Spoiler Free Summary: Dawnshard by Brandon Sanderson is considered book 3.5 of the Stormlight Archive. A ghost ship is found seeming to come from the mysterious island of Akinah. What secrets does that land hold? Why are some so driven to protect them? Mysterious beings composed of cremlings seem intent on keeping people off the island, and Rysn, a shipowner, must go there. Her pet Chiri-Chiri is sick, and only a visit to its home island, you guessed it, can give the creature a chance to survive.
Character: The Lopen always steals the show for me when he’s in a story, and this one is no different. I mention him first because he’s so charming. That said, Rysn is a fascinating character. I don’t know that I’ve ever read a story where someone who couldn’t walk is the main character. Rysn is intelligent and driven. She’s sympathetic and proactive, but her vunerability (perceived (I said perceived) powerlessness) makes her story interesting. Rysn doesn’t compare to Kaladin or Dalinar by any means. It’s not an insult to her; it’s just that she doesn’t grab me the way those two do. Still, she’s a great character, and Chiri-Chiri is awesome.
Exposition: Being a short story, there simply isn’t enough time to have too much bad exposition. There are some moments that we get a bit of a data dump in the form of conversation (negotiation) or internal monologue, but the story reads fast. I think I read about thirty percent a day.
Worldbuilding: This is what excited me. First, we get to see that island that’s been teased to us. Second, we get some expansion on the Cosmere. This book really opens up the origins of the Cosmere, so if you’re a fan of it, you really should read this book.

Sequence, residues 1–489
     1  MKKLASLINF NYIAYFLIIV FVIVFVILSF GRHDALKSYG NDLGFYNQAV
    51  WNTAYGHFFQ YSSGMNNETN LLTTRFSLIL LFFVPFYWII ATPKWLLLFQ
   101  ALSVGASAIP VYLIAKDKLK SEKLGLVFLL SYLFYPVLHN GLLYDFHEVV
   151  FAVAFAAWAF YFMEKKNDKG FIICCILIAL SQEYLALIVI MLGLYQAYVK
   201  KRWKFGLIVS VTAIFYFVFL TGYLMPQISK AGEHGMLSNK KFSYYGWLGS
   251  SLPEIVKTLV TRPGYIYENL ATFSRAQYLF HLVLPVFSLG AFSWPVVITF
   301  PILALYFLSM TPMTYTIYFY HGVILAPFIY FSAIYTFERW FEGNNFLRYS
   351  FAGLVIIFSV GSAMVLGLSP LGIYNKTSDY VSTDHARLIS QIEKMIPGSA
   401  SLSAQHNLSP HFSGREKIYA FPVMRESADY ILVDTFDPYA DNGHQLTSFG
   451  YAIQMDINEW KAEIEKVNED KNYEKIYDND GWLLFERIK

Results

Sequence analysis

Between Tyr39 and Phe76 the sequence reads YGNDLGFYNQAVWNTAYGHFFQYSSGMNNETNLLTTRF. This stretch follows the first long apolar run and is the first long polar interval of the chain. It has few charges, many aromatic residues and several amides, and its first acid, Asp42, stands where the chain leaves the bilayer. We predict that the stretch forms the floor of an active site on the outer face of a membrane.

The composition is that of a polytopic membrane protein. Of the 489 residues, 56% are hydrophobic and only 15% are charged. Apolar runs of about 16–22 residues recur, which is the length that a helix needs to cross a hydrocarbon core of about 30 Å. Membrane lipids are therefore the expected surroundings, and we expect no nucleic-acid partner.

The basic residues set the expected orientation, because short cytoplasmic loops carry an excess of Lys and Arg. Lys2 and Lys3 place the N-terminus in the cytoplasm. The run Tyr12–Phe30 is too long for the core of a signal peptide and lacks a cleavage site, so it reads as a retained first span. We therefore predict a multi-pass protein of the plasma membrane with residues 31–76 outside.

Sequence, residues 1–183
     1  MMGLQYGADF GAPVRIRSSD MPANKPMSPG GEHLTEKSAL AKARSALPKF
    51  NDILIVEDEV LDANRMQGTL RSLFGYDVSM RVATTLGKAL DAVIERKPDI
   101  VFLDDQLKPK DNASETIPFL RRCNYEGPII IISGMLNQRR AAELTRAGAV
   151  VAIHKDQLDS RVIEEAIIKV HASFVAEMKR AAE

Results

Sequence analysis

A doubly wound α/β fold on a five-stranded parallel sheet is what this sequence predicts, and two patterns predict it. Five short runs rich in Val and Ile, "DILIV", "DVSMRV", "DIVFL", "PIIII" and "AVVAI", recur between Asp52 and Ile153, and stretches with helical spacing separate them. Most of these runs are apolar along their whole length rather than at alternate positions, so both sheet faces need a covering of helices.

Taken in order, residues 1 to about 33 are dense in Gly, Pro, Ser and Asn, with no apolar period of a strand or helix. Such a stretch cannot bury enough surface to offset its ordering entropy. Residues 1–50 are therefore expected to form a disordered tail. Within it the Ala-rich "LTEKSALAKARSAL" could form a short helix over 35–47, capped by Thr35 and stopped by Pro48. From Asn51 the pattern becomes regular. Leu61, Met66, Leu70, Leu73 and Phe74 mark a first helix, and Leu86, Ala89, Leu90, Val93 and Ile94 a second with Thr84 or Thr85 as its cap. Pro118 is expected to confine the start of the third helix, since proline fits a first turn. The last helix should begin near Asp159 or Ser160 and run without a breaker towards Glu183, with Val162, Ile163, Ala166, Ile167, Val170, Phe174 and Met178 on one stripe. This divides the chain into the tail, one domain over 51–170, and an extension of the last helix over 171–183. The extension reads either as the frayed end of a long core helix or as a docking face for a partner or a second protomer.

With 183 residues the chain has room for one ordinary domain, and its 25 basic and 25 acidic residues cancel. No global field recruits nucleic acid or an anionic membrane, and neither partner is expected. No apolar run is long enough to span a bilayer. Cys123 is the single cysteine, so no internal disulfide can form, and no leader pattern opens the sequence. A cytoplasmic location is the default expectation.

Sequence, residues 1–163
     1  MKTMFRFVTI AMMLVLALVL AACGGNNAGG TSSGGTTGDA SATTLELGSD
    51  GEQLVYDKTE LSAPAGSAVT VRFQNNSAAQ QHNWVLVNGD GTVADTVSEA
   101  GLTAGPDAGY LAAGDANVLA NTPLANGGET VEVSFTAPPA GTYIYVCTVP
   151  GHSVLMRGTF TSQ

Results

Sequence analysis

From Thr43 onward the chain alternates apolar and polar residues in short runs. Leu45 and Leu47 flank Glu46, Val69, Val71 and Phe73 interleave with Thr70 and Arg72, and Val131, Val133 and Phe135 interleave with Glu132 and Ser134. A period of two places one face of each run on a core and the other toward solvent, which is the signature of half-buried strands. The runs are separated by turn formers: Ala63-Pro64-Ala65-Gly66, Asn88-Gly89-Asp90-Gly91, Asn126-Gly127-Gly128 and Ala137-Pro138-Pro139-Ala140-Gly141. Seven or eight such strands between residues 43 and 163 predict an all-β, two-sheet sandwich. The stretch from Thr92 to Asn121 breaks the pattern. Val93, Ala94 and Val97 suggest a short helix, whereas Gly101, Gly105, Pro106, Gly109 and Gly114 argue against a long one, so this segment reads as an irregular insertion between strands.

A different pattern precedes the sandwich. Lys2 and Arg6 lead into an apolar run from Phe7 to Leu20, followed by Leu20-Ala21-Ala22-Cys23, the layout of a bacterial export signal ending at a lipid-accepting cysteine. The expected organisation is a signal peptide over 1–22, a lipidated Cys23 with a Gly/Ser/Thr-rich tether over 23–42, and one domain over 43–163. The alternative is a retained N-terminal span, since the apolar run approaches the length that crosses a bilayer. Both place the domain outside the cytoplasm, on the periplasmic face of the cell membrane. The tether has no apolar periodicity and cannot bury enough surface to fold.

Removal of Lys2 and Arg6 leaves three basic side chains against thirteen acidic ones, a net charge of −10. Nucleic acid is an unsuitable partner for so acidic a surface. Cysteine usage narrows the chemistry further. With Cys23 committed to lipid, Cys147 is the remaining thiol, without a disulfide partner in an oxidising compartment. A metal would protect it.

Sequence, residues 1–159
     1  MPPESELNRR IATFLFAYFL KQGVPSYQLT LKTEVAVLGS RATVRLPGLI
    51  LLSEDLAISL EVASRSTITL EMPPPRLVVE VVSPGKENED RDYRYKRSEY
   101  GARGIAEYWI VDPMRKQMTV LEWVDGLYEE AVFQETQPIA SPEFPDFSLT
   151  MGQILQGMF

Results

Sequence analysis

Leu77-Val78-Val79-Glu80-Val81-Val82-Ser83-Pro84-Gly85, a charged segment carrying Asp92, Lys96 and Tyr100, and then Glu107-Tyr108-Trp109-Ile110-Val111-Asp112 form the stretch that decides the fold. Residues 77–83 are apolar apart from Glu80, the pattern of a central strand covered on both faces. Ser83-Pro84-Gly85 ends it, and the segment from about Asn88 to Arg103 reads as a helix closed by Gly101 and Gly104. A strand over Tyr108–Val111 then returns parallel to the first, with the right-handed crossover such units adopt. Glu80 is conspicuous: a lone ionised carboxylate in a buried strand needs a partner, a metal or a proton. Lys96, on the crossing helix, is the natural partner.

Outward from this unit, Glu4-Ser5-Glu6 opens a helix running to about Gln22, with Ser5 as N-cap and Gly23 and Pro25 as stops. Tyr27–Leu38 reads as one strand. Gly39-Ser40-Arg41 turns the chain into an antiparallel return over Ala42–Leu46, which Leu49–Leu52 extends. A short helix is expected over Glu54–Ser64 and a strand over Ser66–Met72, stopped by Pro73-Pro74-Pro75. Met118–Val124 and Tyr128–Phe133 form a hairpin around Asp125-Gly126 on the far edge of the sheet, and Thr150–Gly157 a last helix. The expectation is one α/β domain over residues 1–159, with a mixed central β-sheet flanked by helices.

Dialogue: This isn’t as good as Sanderson’s work normally is. It’s not bad at all, it’s just not as amazing as it usually is (though I understand this was a rather rushed story). The Lopen gets another pass here because his dialogue is always fun. I think this book falls a bit short for me because the plot hinges (as is appropriate for Rysn) on a negotiation, and that scene didn’t really sing for me. I still loved and enjoyed it, but more so because of what I learned about the Cosmere and what this book teases about future books than the plot.
Description: Sanderson has some wonderful description. I’ve always appreciated how he balances good description with the pace of a story, and this is no different. I almost always feel like I’m watching a movie more than reading a book when I’m reading Sanderson, and this book was no different.
Overall: This book is awesome more so what it implies and promises about the Cosmere more than the story itself, which is probably not something Mr. Sanderson would want to hear. The book isn’t bad at all, but it was less Rysn and her arc that intrigued me than the greater implications this story offers to future books. Again, this story was good; it just wasn’t great. I will say this was a great primer for Rythm of War, and that alone makes it worth reading.
Thanks for reading